I have an appetite to observe and learn from what happens around me more. These are the best ways we realize how life has been gifted to us. Since I have been traveling lately like mad with families where there has been enough vacation filled with some work sporadically, I got to see how my family enjoys the moment they have in hand. I know it is difficult to get the fee time, but it is a great break from the norm. In my recent Europe trip with my family, I was to travel in a train for close to 3+ hours and I was wondering what I am going to do. Obviously, I had some books to kill my time, but I chose not to do that because my daughter was around. As we boarded the train and started our journey, the initial excitement moved to become “What next?”. As I started to think, I saw my daughter quickly jump into her grandfather’s seat and started to say something and they both got busy watching the sky. Getting curious, I was trying to figure out what both were up to. Interestingly, my daughter made-up a game to create shapes and characters from the moving clouds. And both got busy. Let us learn in this blog post how we can take a database offline.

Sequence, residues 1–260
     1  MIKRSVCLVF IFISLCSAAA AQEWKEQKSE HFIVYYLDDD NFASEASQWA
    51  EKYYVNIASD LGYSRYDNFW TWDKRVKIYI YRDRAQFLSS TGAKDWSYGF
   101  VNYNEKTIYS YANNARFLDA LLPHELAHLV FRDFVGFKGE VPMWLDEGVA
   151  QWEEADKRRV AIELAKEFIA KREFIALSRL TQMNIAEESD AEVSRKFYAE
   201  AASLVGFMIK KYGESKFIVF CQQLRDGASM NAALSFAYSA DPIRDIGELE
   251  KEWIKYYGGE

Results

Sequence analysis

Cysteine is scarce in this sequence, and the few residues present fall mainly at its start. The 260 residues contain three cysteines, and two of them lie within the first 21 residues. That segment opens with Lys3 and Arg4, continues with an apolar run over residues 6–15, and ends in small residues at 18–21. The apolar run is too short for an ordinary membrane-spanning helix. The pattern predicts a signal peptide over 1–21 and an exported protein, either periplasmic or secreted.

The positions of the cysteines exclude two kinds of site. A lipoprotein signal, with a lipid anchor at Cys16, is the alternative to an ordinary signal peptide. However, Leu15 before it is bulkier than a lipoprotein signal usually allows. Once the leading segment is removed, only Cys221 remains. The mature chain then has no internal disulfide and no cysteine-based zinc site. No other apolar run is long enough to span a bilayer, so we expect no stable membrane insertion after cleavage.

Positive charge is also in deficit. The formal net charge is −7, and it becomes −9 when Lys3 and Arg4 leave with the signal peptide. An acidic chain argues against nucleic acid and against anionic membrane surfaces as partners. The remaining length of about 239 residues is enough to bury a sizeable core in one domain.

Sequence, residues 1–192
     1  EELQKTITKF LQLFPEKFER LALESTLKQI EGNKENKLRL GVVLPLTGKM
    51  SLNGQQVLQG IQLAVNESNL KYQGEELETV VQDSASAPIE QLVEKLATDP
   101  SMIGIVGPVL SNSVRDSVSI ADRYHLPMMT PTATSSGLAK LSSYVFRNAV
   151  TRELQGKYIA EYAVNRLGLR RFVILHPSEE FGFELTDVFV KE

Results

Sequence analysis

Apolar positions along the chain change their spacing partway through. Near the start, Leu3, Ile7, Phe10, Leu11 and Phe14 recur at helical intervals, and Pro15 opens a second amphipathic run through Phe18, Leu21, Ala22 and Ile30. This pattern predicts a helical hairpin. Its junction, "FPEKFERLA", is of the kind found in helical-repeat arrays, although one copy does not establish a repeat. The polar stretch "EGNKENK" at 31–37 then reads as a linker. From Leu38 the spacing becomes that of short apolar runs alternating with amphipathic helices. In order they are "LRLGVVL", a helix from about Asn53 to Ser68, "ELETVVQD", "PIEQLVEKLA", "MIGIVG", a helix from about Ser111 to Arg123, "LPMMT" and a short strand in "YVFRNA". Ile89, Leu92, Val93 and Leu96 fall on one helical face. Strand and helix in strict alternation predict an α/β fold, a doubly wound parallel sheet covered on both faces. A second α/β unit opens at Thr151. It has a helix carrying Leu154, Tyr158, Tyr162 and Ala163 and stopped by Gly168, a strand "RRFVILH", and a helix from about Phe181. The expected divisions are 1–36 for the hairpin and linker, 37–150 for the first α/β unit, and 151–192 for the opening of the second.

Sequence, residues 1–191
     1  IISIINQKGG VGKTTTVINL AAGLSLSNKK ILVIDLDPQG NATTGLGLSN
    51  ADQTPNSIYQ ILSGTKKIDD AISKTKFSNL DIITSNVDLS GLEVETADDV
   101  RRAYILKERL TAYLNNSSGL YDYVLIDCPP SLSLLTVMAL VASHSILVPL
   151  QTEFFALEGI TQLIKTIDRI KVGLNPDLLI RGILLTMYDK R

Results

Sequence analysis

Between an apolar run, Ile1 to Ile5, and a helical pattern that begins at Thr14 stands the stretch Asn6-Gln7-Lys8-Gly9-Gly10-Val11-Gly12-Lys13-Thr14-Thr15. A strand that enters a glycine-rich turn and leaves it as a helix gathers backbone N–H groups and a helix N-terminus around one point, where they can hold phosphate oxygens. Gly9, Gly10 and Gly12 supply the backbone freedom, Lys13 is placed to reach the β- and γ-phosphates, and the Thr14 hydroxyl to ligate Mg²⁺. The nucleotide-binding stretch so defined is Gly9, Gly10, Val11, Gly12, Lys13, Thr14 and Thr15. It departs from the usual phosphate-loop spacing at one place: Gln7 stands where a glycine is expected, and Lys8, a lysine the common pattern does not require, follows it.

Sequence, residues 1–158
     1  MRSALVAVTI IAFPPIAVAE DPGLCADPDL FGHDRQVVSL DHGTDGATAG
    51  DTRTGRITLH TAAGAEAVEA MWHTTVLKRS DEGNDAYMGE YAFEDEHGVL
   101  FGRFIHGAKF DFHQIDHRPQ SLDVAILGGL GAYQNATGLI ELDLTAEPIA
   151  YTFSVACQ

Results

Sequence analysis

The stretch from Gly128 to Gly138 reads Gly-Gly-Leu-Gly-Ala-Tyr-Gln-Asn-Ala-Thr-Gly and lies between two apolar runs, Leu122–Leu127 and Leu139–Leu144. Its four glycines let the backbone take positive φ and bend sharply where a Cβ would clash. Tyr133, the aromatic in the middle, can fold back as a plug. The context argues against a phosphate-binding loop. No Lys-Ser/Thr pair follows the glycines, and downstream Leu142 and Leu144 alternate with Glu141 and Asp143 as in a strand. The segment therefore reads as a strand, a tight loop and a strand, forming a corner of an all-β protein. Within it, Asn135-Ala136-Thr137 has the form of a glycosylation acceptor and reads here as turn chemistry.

This scene is still fresh and has etched into my memories to how the small things in life can still be made enjoyable. The boredom of sitting alone was absorbed by doing something that has been already around you. Well, the story must be experienced as the words don’t do justice to what happened.
This brings to one of the tips that I had presented at the Europe tour in one of the sessions. I was playing around with SQL Server Management Studio 2016 and when I was about to take the database to offline mode, I was presented with a neat checkbox to “Drop All Active Connections” as part of the dialog box. Also by side of it is the number of active connections currently that is stopping us from taking the database Offline.
If there are no active connections to a database, then the message box would look like as shown below:
As you can see, this is a neat addition to the dialog box and the small pleasures of life of something already existing and we never taking notice. I was pleasantly surprised to see this in the SSMS for the first time. Do let me know if you ever encountered such gems hidden inside our tooling that we use every other day.
Reference: Pinal Dave (https://blog.sqlauthority.com)